3. Jujubes contain beneficial tannins known for their anti-infective, anti-inflammatory, and anti-hemorrhagic properties, which help prevent excessive bleeding.

  4. Fresh jujube stands out as an excellent source of vitamin C, providing around 69 mg per 100 grams, meeting 115% of the daily recommended intake. Vitamin C, a potent water-soluble antioxidant, combats harmful free radicals and aids in connective tissue synthesis and wound healing.

  5. Dried jujube fruits are notable for their calcium content (79 mg or 8% of RDI) and iron content of 1.90 mg per 100 g of fresh fruit (about 24% of RDI). Iron is crucial for hemoglobin formation in red blood cells, determining blood's oxygen-carrying capacity.

  6. Calcium, essential for bone and teeth health, also plays a vital role in muscle function, blood clotting, and nerve signal transmission.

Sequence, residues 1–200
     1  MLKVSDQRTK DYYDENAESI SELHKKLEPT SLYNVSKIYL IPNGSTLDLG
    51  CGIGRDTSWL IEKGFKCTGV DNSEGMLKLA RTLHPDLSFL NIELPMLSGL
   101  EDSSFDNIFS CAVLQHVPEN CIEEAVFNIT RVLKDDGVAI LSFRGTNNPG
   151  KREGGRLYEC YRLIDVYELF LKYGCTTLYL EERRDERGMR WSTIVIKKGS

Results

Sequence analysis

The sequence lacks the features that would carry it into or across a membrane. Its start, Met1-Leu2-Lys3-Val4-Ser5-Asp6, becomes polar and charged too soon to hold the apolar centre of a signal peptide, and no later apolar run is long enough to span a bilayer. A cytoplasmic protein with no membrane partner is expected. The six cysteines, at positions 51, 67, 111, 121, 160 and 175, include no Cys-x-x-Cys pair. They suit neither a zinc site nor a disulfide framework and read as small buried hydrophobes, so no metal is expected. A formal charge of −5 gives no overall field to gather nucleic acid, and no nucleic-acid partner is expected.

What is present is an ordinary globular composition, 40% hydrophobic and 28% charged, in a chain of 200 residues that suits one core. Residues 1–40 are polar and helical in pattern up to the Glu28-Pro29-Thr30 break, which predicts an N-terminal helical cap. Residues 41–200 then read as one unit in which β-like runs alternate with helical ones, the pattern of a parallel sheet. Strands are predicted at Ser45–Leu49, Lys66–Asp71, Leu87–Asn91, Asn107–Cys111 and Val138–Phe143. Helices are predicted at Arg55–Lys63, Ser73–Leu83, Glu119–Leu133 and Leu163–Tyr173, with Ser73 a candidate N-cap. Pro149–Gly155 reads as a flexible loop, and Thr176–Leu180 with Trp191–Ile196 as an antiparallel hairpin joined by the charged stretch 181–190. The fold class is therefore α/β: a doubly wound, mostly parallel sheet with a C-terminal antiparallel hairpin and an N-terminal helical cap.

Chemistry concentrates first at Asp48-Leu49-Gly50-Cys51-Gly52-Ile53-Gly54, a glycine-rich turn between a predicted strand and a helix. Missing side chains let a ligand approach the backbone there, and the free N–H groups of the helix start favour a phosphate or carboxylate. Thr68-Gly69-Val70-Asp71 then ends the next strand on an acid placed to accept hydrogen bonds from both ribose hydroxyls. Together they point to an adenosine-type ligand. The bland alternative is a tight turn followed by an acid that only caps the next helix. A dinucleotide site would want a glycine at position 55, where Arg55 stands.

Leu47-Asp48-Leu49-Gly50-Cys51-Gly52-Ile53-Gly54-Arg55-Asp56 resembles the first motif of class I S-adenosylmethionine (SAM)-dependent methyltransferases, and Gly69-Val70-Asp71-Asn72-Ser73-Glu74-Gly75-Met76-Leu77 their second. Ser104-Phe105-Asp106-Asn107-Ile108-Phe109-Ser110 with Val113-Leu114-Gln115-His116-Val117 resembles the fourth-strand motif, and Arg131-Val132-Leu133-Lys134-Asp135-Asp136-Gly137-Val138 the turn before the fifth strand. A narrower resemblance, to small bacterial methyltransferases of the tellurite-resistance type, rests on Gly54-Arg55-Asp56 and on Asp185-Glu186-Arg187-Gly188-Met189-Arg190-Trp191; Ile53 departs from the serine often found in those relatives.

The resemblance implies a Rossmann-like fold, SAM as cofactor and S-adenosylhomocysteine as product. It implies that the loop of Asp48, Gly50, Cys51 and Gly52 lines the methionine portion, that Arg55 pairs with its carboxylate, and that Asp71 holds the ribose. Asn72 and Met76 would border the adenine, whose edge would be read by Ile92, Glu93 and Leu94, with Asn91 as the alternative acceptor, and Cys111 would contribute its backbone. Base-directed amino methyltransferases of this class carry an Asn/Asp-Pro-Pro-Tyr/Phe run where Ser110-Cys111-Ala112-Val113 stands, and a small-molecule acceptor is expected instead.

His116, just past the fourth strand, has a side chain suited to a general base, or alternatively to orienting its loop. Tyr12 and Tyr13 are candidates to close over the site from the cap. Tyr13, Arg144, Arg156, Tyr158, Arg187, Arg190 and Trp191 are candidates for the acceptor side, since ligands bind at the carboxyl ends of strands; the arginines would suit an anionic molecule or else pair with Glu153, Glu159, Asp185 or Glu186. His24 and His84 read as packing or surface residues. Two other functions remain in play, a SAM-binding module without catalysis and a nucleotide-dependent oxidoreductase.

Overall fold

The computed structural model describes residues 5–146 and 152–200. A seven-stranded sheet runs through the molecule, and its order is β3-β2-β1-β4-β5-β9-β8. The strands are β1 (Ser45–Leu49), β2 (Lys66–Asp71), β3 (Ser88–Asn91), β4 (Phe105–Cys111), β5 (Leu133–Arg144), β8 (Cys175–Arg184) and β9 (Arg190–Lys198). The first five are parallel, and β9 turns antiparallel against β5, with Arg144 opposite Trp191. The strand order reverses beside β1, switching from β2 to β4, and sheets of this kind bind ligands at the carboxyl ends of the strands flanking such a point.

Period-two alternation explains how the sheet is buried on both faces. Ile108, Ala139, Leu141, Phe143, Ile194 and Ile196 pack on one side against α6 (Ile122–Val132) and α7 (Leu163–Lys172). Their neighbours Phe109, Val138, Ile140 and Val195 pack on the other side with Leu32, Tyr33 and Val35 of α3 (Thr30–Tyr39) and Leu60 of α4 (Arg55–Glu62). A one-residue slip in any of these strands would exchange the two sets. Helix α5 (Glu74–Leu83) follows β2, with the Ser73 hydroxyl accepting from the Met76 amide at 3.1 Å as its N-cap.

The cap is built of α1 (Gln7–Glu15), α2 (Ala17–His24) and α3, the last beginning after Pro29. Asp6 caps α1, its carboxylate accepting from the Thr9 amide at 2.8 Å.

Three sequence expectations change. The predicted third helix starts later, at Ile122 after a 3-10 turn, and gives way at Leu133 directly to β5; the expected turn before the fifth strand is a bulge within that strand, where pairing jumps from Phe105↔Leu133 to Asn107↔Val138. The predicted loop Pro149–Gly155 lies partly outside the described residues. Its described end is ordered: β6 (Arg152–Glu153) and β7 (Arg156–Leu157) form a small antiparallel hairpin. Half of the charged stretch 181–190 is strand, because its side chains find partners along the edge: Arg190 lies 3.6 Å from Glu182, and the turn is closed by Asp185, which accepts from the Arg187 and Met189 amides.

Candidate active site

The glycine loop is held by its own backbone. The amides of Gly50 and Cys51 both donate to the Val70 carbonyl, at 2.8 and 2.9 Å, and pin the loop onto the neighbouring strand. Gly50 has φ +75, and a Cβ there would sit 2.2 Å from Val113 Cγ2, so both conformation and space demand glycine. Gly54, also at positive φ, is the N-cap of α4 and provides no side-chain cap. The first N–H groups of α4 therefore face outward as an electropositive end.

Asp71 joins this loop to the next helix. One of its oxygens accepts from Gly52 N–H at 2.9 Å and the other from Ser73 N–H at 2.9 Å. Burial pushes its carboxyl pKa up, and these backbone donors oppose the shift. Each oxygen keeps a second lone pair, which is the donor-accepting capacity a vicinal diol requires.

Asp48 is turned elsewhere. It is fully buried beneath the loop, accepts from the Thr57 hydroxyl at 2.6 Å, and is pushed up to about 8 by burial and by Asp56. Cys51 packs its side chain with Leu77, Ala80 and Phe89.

7. Additionally, both fresh and dried jujube contain moderate levels of B-complex vitamins. Dried jujube is particularly rich in pyridoxine (vitamin B-6), thiamin, niacin, pantothenic acid, and riboflavin, acting as cofactors in carbohydrate, protein, and fat metabolism.

See the table below for in depth analysis of nutrients:

Jujube, fresh, raw, (Zizyphus jujuba), Nutritive Value per 100 g.

(Source: USDA National Nutrient data base)

Principle Nutrient Value Percent of RDA
Energy 79 Kcal 4%
Carbohydrates 20.53 g 16%
Protein 1.2g 2%
Total Fat 0.20 g 1%
Cholesterol 0 mg 0%
Niacin 0.900 mg 5%
Pyridoxine 0.081 mg 6%
Riboflavin 0.040 mg 3%
Thiamin 0.020 mg 2%
Vitamin A 40 IU 1%
Vitamin C 69 mg 115%
Sodium 3 mg <1%
Potassium 250 mg 5%
Calcium 21 mg 2%
Copper 0.073 mg 8%
Iron 0.48 mg 6%
Magnesium 10 mg 2.5%
Manganese 0.084 mg 4%
Phosphorus 23 mg 3%
Zinc 0.05 mg <1%
Catechin 3.2 mg --
Quercetin 1.3 mg --

Medicinal uses of Jujube

In traditional Chinese medicine (TCM), both dried jujube fruit and its powder are employed to alleviate nervousness, bolster immunity against infections, and enhance digestive function.

Selection and storage

dried jujube
Dried jujube

In mainland China, fresh jujube berries typically make their debut in the markets starting from July and extend through November. A variety of fresh or dried date-like berries are readily accessible in these markets.